The green advantage has worked so well for me that I can’t help but share my enthusiasm with anyone who will listen, so I started a consulting firm that would allow me to do just that. My company, EarthPeople, visits organizations large and small with the aim of teaching them how to be more profitable through eco-friendly practices. The goal is sustainability, which has been defined as “meeting the needs of the present without compromising the ability of future generations to meet their own needs.”

In my experience, too many people still think sustainability is nonsense. The green movement has become so politicized that it’s easy to forget that it started as a necessary reaction to industrial threats to our human health and natural resources. Long before Al Gore took center stage, there were Americans in every generation (including presidents) who championed the cause of conservation. Even if the climate-change debate rages for decades, our individual beliefs about it have little bearing on the good we can do by practicing commonsense sustainability.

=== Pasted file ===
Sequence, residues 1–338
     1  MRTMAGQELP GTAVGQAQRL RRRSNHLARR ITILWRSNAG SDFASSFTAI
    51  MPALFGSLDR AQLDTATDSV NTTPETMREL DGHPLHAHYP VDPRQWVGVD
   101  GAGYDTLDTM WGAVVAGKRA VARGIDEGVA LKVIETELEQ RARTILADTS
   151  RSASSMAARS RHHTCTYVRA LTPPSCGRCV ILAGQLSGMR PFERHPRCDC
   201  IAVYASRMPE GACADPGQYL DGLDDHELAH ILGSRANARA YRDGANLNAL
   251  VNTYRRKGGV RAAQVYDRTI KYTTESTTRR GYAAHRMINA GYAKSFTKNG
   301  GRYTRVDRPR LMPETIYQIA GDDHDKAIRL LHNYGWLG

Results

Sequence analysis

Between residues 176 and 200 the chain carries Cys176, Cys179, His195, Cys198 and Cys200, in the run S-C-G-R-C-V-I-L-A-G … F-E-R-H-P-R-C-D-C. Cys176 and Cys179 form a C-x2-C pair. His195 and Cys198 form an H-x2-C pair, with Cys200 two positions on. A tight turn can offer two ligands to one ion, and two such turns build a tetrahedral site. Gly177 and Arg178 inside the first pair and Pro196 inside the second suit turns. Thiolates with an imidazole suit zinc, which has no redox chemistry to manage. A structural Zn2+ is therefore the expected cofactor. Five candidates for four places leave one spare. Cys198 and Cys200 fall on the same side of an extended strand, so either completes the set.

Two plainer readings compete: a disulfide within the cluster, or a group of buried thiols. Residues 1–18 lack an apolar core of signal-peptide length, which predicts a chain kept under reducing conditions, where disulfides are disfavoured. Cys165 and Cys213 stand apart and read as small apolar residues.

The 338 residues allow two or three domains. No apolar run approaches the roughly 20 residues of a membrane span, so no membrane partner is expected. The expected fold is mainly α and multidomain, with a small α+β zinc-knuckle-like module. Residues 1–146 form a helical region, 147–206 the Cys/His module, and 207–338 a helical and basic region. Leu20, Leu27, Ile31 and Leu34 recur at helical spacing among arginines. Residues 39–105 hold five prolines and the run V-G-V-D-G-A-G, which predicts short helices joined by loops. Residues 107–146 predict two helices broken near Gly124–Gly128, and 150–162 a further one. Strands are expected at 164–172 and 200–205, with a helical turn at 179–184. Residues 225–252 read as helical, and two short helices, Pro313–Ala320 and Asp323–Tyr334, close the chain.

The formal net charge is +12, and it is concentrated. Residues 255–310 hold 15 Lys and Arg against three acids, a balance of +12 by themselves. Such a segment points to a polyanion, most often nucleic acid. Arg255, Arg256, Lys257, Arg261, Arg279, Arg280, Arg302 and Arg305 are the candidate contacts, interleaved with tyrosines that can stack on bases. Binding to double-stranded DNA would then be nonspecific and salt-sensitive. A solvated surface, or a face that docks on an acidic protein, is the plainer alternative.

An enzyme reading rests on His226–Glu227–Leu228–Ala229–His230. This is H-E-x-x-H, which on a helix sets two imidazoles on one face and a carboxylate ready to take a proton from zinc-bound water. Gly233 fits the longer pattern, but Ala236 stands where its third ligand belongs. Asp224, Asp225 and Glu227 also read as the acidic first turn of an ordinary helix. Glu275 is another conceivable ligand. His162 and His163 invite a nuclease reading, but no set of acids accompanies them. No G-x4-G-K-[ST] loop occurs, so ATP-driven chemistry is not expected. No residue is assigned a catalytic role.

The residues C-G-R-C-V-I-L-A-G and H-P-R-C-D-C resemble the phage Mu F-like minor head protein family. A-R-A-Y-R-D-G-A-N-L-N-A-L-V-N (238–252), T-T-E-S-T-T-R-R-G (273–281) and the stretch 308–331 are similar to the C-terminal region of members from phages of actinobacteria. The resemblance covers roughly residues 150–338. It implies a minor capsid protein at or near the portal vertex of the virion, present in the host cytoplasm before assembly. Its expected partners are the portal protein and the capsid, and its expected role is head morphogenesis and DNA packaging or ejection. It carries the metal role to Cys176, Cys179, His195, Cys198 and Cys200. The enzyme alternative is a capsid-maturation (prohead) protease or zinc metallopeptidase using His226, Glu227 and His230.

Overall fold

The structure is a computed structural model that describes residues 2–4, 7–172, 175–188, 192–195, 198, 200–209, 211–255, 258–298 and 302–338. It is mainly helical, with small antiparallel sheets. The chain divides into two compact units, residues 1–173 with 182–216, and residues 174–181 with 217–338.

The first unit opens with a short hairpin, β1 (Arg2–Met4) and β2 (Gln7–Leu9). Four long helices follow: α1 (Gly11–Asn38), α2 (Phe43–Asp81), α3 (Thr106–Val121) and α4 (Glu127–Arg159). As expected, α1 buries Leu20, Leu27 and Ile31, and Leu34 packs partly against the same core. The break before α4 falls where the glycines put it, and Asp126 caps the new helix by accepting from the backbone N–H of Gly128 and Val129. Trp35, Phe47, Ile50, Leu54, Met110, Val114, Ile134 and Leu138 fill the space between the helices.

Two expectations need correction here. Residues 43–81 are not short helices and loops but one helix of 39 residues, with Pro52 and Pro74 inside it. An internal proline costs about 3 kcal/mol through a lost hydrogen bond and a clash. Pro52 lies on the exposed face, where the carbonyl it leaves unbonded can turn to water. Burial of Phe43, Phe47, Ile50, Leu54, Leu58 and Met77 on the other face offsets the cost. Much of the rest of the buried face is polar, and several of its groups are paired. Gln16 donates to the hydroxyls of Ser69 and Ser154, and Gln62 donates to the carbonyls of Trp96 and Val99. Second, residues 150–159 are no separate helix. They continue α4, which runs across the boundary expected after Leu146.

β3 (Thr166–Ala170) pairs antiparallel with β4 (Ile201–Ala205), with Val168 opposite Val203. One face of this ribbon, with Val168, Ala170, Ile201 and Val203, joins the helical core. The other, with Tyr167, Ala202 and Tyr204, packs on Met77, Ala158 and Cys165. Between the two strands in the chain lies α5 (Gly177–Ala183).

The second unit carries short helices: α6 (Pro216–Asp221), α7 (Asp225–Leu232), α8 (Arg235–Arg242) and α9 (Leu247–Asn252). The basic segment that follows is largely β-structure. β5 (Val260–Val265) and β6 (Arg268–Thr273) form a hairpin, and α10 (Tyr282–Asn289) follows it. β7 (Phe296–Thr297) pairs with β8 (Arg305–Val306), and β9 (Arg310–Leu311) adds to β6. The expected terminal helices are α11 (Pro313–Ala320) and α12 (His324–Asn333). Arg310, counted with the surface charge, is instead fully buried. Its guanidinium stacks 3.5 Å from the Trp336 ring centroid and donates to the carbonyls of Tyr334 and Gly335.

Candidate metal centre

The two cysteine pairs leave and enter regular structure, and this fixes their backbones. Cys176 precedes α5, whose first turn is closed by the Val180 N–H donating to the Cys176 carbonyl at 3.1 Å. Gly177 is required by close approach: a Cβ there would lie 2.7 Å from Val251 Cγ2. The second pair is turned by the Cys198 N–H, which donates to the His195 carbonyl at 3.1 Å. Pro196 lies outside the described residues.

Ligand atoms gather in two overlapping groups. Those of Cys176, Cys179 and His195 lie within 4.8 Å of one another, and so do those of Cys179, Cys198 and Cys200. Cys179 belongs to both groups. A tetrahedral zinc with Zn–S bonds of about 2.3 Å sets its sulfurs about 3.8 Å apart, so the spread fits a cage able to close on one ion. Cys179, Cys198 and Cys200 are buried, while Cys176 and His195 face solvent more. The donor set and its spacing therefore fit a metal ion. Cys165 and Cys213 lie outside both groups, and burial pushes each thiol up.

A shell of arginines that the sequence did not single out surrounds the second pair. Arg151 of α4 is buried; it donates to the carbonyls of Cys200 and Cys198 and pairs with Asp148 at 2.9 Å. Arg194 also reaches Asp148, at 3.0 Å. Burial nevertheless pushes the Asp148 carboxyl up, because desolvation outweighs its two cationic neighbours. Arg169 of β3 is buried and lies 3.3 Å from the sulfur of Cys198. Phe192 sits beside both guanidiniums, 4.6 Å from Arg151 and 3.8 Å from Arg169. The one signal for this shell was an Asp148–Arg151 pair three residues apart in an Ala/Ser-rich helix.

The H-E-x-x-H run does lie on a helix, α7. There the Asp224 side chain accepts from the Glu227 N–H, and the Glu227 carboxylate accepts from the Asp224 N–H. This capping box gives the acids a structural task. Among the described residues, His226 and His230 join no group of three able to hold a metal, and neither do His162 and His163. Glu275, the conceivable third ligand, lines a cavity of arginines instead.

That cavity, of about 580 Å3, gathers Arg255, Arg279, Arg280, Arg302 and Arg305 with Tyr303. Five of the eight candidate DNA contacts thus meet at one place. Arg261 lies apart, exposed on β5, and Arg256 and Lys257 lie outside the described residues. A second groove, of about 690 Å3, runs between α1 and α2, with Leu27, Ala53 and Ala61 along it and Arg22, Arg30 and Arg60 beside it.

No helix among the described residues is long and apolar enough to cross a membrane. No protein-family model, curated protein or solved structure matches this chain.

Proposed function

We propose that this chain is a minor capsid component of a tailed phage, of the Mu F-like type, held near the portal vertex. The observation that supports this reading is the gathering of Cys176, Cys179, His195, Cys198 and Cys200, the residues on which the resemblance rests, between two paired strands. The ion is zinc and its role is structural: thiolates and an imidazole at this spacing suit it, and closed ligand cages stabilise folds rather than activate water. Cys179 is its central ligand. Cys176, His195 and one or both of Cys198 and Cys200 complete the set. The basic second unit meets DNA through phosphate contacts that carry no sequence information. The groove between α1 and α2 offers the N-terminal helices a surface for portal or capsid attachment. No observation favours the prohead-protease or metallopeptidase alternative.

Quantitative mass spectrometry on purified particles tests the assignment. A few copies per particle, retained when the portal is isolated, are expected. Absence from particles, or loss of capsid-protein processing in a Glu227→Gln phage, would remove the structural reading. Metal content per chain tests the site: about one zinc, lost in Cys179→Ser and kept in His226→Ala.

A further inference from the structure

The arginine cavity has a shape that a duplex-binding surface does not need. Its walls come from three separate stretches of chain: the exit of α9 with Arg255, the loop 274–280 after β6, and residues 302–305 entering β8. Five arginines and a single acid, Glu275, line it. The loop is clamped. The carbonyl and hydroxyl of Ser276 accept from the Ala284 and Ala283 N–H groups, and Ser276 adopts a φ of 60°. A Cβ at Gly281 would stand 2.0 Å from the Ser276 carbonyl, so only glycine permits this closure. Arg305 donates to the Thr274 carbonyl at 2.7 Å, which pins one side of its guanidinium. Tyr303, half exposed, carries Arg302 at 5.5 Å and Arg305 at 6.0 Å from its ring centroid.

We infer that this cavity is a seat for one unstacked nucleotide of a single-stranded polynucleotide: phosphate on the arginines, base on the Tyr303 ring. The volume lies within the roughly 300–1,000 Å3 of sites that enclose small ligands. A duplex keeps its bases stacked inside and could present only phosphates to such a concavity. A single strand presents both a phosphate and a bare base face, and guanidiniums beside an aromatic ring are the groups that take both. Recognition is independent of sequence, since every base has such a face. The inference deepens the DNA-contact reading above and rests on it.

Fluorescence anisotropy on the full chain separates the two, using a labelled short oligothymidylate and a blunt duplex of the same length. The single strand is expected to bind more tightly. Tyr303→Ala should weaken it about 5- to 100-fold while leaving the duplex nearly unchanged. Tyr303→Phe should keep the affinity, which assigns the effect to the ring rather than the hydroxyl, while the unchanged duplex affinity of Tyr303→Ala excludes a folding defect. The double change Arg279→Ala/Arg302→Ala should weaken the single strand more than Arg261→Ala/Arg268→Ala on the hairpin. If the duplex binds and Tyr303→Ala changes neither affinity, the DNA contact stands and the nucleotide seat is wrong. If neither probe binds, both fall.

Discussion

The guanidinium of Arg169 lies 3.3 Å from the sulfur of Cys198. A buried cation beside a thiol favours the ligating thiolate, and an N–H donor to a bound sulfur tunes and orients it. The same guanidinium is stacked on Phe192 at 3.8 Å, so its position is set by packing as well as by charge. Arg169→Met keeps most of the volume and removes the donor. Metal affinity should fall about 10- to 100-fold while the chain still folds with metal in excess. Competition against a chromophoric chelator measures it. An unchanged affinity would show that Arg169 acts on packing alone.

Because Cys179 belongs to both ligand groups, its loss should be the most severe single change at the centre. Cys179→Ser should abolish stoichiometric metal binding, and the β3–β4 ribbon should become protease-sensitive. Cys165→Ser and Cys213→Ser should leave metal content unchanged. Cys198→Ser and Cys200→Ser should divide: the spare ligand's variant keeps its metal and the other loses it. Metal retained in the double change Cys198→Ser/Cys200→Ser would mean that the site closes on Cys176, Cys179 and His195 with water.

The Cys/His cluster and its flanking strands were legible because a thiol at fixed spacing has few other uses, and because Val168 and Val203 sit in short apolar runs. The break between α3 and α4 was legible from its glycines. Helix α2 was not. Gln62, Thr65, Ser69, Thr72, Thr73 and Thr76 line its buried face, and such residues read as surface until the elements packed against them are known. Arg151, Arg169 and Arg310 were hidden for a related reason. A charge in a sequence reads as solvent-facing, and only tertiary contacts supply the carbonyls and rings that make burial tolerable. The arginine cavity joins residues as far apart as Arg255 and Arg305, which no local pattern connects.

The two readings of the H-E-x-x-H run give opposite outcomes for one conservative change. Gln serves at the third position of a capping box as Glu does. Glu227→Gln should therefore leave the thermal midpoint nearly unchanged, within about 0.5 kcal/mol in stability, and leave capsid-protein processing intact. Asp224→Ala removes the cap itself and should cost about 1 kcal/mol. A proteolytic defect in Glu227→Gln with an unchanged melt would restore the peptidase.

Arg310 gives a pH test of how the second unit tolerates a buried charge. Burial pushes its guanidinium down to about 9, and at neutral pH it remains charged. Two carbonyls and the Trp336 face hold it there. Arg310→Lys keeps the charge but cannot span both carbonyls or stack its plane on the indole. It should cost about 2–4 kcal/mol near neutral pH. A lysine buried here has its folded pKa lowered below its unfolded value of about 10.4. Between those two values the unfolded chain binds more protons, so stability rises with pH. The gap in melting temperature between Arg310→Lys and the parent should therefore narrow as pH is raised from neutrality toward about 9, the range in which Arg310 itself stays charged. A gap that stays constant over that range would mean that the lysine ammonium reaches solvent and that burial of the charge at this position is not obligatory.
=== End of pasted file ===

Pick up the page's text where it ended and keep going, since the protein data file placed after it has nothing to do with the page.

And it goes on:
“Dispelling the eco-hype and celebrating a sustainable model of ‘business better than usual,’ Anna Clark makes going green seem as American as (organic!) apple pie. Read Green, American Style, then pass it along to a friend. It will change your life–satisfaction guaranteed.”–Matthew Sleeth, author of Serve God, Save the Planet, and Nancy Sleeth, author of Go Green, Save Green. Blessed Earth


“Anna Clark provides a practical guide for those wanting to learn more about minimizing the impact their lives have on our planet, especially as consumers. Clark’s insights, drawn from her personal journey to living sustainably, make this book a joy to read.”–Jim Thomas, vice president of corporate social responsibility, JCPenney